BLVRD Features
Reviewed April 2021
Michalle Gould, Library Director
Laguna College of Art + Design
mgould@lcad.edu

BLVRD app instructionsBLVRD Features is an iOS app by Boulevard, a company based in New York, Los Angeles, and London, that has created apps that provide “arts-based experiences shared through virtual, augmented, and mixed reality technologies.” BLVRD Features focuses on “bite-sized Augmented Reality (AR) experiences exploring fascinating stories of creativity innovation and expression.” It has no explicit target user base, but the company’s website hints at a desired demographic of K-12 students, featuring explanations of how its offerings can be used in the classroom and encouraging educators to reach out to Boulevard for “free lesson plans, object lists, and other educational resources.”

AR painting placed in a room, viewed through the BLVRD features app.While it is not clear how new the app is, it still feels to some extent like a work in progress. There are two sets of features: Boulevard Arts, with six episodes, and Wadsworth Atheneum, with two. Boulevard Arts is about specific artists (Durer, Van Gogh, and Loie Fuller) and also has one episode on the color blue. By contrast, the Wadsworth Atheneum’s episodes provide analysis of specific paintings, a more successful use of the platform. In this context, the narrator is able to delve more deeply into what gives the painting lasting artistic significance, while the episodes focusing on the artists at times felt superficial. When viewing the latter, an educated user may find the content perfunctory, and even a student may feel unsatisfied with what they have learned.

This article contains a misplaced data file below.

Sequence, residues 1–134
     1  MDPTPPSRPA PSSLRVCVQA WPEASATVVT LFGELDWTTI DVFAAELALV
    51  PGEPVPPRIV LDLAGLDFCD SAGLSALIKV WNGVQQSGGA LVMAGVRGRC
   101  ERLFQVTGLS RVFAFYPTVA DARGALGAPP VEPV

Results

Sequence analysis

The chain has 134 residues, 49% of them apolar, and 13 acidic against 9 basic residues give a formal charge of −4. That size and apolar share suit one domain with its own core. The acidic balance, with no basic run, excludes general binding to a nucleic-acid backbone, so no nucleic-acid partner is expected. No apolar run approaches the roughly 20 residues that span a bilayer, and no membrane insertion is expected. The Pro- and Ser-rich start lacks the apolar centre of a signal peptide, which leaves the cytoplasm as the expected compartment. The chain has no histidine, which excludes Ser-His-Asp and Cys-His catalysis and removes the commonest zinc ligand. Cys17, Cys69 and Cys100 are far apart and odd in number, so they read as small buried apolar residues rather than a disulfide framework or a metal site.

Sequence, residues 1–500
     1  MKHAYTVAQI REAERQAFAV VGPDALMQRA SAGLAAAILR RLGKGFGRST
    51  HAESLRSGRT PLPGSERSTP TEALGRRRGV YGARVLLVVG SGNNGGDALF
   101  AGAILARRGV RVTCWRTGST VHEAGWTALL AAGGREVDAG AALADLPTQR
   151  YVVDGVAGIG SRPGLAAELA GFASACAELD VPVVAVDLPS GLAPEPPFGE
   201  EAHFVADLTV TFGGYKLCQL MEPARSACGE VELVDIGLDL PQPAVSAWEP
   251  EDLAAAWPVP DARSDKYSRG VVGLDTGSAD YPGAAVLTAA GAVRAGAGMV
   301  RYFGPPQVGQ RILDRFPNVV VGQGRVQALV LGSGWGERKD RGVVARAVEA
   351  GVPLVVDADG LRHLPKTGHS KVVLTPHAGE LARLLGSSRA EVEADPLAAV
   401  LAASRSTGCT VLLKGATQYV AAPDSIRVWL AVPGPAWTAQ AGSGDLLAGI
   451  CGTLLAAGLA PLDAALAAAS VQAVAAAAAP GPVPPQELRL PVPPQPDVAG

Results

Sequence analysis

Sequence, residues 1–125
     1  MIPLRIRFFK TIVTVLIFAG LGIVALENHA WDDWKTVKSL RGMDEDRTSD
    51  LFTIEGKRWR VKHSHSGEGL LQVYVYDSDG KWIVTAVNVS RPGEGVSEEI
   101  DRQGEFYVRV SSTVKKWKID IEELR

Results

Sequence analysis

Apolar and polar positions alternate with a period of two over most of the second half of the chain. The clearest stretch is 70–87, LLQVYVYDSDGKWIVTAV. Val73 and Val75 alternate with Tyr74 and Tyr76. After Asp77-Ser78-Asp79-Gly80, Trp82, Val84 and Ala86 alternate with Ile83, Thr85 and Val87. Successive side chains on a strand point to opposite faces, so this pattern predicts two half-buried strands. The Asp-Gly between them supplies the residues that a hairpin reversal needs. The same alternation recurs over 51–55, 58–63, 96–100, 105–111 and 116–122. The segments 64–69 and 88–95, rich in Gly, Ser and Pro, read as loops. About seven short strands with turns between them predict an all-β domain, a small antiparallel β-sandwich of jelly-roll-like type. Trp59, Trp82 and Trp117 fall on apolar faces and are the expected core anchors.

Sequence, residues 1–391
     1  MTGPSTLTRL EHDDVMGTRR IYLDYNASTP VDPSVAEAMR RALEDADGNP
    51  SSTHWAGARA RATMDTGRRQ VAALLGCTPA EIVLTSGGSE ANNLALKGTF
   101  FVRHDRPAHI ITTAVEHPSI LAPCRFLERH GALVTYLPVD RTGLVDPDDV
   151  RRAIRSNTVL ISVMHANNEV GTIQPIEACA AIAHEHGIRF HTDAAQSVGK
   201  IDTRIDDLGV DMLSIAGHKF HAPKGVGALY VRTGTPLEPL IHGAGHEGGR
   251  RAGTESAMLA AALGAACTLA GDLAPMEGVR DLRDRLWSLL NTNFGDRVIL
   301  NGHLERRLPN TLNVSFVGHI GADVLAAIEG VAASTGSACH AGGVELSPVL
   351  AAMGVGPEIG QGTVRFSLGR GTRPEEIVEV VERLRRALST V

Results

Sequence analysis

On the technical side, although the AR is intriguing and it is exciting to see the works of art in one’s own space, there were some difficulties in placing the objects. With a smaller device, it is hard to find a placement, resulting  in discomfort when viewing the AR item and listening to the narration. Users with a tablet or larger phone may have more success. There is some level of interactivity, in terms of “popping out” further visual artifacts from the original image; however, the brevity of the approach meant that it did not always feel that a narrative was building and growing with each additional image.

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One thing to be aware of when considering the app is that it is currently only available to Apple users with an ARKit-ready iOS device. Although Boulevard’s website states that the app will be coming soon to Android, for now this creates some issues with equitable access, especially if the app is being used in the classroom. Many potential users may not necessarily have access to a device that can play the app. However, for those that do, the app is free and easy to set up.

Overall, while this app has potential, it still feels very much like a work in progress, and the developers might have been wise to wait to release it until more content was ready. The episodes focusing on specific paintings are much more successful than those focusing on an artist or a theme. The app could also benefit from more interactivity, enabling the user to control the content more through individual choices. For now, young students will likely get the most out of using this app, though they will quickly run out of things to do. 

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